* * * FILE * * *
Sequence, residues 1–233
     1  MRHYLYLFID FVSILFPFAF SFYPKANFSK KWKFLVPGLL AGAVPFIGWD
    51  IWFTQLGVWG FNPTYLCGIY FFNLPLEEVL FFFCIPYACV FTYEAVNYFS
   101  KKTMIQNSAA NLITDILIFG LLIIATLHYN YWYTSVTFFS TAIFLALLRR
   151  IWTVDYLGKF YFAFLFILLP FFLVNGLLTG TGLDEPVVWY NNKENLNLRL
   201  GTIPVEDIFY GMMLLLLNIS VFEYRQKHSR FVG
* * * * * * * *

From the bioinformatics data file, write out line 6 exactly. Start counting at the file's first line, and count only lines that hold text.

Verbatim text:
   201  GTIPVEDIFY GMMLLLLNIS VFEYRQKHSR FVG